Practising movement at home: An idea for meaningful remote teaching in physical education

Kenneth Aggerholm1, Dean Barker2,
Håkan Larsson
3 Øyvind Førland Standal4 
1 Norwegian School of Sport Sciences; 2 Örebro University;
3 The Swedish School of Sport and Health Sciences; 4 Oslo Metropolitan University

Since March 2020, most physical education (PE) teachers in Scandinavia have faced the challenges of remote teaching. Homeschooling has perhaps been particularly challenging for PE teachers compared to other teachers, given the essential role of bodily contact, interaction, social negotiations, game playing and shared expressions in PE (Varea and González-Calvo, 2020).

Having worked with covid conditions for a year now, we trust that teachers have worked out various solutions that, we hope, are relevant and meaningful for the students. At the same time, both from our personal experiences and early research findings (Mercier et al. 2021), it appears that PE teachers have largely provided students with physical activity and fitness training during the pandemic.

In this short text, we want to share an idea for a concrete alternative to fitness exercises, which, although important, is only one part of the PE curriculum. It springs from a pedagogical model we outlined in a double article from 2018, which focuses on practising. Practising, which in German is üben and in the Scandinavian languages øve/öva, is, briefly put, a form of activity in which you seek to improve some part of yourself through repeated efforts.

Recently, one of our colleagues, Dillon Landi, made us aware that this practising model is particularly relevant for teaching during the pandemic. While we did not have remote teaching in mind when we outlined the model, we realise now that it could be a relevant way of coping with the current situation. It can, we believe, guide how teachers can facilitate movement activities for students at home that are both meaningful and educationally relevant.

In the following, we will describe what remote teaching with a focus on practising might look like. We hope it can inspire teaching methods that add to the list of pedagogical options available for teachers during the pandemic.

Background: What is the practising model?

To provide some background, we briefly revisit the most central characteristics of practising in the pedagogical model. While some forms of practising involve close relations to other individuals, such as the practising that takes place in apprenticeship learning, other forms can be carried out working with (and on) oneself. We focus on the latter to describe how practising can be a relevant way of making a virtue out of the inescapable COVID-19 solitude.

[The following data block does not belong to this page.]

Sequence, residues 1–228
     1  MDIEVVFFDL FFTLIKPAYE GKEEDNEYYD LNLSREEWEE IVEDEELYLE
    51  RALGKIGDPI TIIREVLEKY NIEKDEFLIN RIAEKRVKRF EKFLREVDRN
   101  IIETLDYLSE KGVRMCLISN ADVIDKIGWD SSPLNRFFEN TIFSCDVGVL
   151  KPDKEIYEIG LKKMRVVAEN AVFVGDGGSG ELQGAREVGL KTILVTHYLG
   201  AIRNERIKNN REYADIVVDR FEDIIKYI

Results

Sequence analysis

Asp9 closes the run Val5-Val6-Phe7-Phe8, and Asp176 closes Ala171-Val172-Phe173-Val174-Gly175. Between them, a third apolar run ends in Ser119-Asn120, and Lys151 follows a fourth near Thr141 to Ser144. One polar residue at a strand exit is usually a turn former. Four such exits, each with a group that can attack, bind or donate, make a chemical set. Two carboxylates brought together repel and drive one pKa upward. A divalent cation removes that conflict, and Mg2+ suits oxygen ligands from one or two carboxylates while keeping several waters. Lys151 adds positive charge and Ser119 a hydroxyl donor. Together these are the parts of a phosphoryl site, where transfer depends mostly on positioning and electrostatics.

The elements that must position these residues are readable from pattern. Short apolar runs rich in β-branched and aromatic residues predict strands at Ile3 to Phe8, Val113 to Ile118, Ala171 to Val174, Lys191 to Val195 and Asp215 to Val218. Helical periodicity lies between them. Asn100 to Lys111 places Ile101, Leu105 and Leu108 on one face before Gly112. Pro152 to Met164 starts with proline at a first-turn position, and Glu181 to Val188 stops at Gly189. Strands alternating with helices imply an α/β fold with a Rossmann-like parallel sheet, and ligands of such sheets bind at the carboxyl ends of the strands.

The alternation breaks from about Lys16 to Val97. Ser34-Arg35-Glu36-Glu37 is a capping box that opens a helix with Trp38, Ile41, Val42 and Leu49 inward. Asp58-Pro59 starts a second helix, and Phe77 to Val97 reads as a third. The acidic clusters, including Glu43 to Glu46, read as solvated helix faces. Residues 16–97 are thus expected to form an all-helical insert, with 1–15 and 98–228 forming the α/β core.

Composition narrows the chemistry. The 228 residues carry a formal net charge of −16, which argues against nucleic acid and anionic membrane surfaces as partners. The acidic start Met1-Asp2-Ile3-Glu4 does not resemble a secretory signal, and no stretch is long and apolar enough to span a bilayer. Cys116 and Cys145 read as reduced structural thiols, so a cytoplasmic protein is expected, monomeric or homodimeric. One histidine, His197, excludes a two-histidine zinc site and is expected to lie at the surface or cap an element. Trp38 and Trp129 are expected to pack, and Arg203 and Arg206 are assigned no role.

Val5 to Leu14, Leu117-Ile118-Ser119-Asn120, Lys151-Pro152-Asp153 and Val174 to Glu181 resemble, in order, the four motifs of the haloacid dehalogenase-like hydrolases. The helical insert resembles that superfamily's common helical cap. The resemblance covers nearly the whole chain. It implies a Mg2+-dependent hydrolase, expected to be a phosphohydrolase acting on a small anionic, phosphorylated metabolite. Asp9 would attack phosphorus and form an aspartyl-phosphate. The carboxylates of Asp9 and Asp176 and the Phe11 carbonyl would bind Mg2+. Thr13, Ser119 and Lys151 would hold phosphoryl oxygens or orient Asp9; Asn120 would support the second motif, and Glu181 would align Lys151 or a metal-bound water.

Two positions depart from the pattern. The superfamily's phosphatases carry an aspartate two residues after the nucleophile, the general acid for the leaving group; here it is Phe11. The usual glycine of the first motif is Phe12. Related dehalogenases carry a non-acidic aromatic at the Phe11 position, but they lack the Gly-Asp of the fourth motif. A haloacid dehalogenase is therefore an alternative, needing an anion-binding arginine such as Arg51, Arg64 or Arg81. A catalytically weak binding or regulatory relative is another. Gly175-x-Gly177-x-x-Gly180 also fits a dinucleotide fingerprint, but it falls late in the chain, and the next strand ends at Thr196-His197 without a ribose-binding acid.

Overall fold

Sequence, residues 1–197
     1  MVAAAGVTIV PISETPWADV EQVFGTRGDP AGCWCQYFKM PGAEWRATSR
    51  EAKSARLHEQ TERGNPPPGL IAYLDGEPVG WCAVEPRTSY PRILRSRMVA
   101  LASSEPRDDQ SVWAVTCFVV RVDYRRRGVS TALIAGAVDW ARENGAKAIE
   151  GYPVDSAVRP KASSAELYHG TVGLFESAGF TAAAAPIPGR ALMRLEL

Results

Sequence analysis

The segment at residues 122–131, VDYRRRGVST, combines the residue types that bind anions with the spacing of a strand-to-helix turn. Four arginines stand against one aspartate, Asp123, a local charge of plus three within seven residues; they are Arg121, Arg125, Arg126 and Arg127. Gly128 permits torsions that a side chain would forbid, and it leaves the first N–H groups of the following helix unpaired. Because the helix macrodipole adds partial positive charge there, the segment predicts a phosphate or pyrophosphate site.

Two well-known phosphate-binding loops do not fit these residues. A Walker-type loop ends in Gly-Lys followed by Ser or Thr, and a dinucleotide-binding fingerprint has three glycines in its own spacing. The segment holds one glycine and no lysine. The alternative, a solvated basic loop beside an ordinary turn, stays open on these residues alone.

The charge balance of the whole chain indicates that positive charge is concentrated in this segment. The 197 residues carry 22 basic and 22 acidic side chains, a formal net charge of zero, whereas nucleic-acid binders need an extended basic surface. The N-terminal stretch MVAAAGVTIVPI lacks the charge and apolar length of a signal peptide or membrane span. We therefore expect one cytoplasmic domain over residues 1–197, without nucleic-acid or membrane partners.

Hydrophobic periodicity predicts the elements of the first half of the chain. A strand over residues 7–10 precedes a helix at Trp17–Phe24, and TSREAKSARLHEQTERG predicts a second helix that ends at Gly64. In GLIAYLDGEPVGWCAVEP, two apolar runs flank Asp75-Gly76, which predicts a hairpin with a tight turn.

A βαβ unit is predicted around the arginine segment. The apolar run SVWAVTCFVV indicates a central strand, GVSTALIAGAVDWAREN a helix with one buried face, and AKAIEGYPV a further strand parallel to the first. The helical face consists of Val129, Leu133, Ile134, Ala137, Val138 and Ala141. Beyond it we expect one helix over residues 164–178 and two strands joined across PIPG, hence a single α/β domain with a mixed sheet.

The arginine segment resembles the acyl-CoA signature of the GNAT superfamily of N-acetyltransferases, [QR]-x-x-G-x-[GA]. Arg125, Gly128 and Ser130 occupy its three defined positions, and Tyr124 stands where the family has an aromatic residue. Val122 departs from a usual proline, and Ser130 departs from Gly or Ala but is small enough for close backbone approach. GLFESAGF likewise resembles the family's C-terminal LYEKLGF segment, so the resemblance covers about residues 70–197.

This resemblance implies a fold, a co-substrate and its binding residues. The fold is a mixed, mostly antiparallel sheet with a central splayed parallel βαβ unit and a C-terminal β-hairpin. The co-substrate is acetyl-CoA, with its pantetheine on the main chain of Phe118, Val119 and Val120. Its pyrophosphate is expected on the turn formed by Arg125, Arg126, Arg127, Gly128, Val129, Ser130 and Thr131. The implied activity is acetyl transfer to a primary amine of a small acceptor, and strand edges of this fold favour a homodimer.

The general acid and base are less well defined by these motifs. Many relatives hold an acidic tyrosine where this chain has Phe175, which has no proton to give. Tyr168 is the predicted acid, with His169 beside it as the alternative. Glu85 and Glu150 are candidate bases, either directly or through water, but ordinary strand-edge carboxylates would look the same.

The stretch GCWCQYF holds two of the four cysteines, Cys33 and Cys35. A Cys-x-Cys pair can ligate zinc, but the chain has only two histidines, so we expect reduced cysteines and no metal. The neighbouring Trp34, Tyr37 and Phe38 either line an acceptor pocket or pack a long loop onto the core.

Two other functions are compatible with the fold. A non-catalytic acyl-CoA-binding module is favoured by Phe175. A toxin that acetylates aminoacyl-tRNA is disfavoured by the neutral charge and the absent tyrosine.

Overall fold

Practising is, as mentioned, a form of activity in which you seek to improve some part of yourself through repeated efforts. It involves agency in that the practising person is to some extent aware that s/he is actively pursuing some kind of personal transformation. Practising also describes a process related to a particular content (practising of something) and oriented at a goal (practising towards something), for example, a particular way of moving. Practising also involves an expected or desired improvement, which can be described as an element of verticality. Trying to improve involves both effort and repetition, which is a meaningful element in effecting personal change and, hence, not an aspect of the experience that should be reduced or removed. Finally, uncertainty is a fundamental element of practising because it concerns engaging with something that you are not yet capable of.

To have students engaged in this form of activity, we suggested that teachers adopt a pedagogical focus on (1) acknowledging subjectivity and providing meaningful challenges, (2) focusing on content and aims of practising, (3) specifying and negotiating standards of excellence, and (4) providing adequate time for practising.

Case: How can practising be part of your teaching in PE?

We want to provide an activity-based outline of how the pedagogical model could look in PE lessons. We have had grade nine students (aged 15–16) and our Swedish and Norwegian curricula in mind when designing these activities. We focus on movement capability, which is a common theme across many PE curricula. However, our suggestion for educational practices should be considered in light of local policy.

Activity one: Movement histories